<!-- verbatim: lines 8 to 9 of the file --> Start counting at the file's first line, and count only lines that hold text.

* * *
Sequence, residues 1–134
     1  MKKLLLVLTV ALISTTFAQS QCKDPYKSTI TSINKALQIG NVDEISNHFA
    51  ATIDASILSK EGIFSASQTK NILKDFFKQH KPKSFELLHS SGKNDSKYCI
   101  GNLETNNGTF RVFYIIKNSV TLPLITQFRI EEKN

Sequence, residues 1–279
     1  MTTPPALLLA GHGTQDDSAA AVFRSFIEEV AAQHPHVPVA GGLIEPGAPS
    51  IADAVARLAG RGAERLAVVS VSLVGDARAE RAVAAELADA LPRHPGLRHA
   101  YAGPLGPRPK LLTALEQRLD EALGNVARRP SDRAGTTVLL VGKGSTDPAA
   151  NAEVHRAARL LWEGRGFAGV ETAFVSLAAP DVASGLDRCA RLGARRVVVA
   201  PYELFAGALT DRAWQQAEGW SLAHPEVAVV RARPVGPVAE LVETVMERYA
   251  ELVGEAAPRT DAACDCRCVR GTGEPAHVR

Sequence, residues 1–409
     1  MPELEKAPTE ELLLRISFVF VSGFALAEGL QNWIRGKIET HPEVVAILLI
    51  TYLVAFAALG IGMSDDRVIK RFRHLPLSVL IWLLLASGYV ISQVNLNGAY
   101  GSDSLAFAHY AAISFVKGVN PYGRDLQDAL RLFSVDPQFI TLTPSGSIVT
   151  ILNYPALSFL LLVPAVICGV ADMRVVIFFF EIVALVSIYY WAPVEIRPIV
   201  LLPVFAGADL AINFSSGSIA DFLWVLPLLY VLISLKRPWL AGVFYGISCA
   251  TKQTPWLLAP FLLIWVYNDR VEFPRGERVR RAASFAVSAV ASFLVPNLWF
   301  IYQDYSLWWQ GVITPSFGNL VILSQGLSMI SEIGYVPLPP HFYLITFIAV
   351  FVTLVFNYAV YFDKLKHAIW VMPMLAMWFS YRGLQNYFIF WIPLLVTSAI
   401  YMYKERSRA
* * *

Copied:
   101  YAGPLGPRPK LLTALEQRLD EALGNVARRP SDRAGTTVLL VGKGSTDPAA
   151  NAEVHRAARL LWEGRGFAGV ETAFVSLAAP DVASGLDRCA RLGARRVVVA